Quote Originally Posted by noseoil

Have you noticed an increase in contrast in the condensor head with respect to highlights? Have you changed development times around this contrast, or is the better condensor design giving about the same contrast as you would find in a decent diffusion head?
Tim, There is an increase in both overall and local contrast when using a condensor head. I don't find it to be anywhere near the one paper grade that has been reported by others. The noted increase is, from what I have been told, to the scattering of light in a diffusion head actually reducing contrast.

It is not that the condensor head creates more contrast. If you think about it contrast is already there on the negative thus it can not be created. It is just that the condensor head more accurately represents the contrast.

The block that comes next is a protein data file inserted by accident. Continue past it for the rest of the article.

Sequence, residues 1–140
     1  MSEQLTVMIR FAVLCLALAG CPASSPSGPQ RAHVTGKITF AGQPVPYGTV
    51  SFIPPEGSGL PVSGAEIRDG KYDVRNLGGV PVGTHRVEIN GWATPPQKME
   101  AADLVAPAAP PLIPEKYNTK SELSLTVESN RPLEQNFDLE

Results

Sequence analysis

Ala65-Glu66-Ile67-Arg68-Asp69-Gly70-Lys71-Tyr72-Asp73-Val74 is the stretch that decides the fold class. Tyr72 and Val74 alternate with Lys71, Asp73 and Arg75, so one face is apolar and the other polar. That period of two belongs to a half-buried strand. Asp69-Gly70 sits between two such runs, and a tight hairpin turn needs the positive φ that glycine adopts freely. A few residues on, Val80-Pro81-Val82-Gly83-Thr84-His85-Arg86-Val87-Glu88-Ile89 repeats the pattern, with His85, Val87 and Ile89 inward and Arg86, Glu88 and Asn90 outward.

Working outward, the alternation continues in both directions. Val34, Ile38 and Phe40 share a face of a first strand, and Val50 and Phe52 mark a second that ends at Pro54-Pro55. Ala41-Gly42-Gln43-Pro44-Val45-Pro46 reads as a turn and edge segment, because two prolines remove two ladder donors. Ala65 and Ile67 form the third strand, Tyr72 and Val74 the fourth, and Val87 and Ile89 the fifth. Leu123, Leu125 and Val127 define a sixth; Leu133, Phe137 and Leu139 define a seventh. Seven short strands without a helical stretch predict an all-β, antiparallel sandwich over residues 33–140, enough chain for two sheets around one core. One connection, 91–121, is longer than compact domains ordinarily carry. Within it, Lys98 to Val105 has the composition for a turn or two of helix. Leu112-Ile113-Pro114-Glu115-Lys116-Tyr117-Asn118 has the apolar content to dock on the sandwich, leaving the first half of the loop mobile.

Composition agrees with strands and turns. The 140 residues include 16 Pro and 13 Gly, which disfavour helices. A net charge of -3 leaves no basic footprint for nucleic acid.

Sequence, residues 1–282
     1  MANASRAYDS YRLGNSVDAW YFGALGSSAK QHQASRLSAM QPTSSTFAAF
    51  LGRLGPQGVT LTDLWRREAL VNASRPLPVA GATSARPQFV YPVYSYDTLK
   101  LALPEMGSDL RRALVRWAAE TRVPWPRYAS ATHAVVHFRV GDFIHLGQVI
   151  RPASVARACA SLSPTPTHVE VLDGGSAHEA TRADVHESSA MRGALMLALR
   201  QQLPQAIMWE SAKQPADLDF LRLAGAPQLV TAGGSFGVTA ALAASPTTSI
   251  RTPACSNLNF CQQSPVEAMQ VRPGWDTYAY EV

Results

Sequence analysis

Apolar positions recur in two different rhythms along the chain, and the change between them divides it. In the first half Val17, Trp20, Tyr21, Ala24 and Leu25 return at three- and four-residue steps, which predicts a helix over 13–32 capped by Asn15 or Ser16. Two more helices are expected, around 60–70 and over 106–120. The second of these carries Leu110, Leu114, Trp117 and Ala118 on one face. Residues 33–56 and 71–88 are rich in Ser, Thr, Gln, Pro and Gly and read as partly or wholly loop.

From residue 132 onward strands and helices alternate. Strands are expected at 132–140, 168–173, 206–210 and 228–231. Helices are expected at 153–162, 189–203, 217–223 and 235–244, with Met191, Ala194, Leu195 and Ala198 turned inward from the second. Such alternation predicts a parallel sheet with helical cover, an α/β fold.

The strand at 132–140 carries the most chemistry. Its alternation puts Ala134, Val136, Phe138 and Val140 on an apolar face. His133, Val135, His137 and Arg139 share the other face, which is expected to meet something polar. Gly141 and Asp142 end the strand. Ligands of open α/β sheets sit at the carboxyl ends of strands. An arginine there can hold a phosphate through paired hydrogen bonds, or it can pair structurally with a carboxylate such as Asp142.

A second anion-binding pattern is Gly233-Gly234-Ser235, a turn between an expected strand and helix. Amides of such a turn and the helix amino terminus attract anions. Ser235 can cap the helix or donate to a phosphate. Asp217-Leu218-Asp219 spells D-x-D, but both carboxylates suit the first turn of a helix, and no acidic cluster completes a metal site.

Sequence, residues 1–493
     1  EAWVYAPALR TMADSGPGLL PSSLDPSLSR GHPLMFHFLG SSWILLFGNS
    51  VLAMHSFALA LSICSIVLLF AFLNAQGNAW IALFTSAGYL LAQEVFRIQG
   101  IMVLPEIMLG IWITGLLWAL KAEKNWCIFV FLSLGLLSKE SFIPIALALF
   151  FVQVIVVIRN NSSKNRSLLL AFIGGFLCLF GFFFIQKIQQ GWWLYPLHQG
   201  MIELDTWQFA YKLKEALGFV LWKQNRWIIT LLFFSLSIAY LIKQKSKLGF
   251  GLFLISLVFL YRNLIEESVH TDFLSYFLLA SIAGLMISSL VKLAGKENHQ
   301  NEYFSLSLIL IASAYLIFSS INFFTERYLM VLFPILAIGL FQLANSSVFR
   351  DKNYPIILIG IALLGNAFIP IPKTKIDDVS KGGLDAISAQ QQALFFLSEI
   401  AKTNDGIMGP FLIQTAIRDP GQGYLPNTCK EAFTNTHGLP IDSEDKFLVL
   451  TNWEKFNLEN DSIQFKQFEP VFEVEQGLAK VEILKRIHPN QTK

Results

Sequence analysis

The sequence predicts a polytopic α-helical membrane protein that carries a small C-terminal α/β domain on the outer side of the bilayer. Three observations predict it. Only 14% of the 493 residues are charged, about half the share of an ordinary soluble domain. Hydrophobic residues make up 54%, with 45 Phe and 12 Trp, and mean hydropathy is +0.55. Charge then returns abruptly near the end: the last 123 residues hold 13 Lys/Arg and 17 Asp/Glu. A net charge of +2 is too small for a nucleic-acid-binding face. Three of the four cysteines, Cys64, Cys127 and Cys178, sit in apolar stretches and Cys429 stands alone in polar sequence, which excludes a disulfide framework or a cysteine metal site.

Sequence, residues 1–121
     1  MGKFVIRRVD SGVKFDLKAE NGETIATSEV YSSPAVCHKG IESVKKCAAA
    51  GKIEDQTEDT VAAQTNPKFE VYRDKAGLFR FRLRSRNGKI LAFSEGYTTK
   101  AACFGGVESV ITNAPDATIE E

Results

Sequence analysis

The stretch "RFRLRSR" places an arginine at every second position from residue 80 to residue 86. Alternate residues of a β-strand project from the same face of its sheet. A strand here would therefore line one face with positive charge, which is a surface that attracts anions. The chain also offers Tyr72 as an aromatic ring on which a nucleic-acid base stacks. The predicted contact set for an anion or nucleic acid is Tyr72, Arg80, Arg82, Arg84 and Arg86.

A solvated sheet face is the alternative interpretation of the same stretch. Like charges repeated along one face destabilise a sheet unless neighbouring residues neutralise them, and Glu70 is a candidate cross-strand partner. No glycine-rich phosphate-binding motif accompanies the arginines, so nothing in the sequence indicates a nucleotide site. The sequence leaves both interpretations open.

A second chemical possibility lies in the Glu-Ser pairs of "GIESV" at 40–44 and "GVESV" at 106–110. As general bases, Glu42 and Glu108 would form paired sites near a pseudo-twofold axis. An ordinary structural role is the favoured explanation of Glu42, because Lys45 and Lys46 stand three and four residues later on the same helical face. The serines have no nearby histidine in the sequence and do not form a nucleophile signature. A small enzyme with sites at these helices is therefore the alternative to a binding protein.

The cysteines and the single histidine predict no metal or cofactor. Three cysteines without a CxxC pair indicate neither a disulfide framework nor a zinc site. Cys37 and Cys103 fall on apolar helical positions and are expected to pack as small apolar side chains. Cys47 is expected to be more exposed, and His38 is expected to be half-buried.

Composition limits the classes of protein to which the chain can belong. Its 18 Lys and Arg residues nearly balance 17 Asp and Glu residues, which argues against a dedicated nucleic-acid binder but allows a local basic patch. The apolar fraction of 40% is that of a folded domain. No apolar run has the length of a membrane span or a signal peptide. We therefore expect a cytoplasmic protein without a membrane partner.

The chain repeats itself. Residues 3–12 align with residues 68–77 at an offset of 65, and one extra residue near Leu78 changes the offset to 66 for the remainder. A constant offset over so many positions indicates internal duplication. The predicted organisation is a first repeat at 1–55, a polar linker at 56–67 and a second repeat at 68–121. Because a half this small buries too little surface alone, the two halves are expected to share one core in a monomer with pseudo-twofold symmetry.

I have made a slight adjustment in my development times. Nothing earth shattering in nature.

I find myself printing at fairly high contrast settings on some of my condensor prints...for instance the Dock image that is presently posted in the gallery was printed at grade 3 1/2. The negative density range was 1.10 on that image. The other image (Wood Detail) that I have posted has a negative density range of 1.30 and was printed at grade 2 1/2 on my condensor enlarger. According to the Negative by Adams...those should be showing chalk and soot tonalities.

So in summation...The condensor enlarger does more accurately represent the information on the negative. It does not create contrast since contrast is already on the negative. Finally take the information that people report with a "grain of salt"...as Fred Picker used to say "Try it"...Good luck.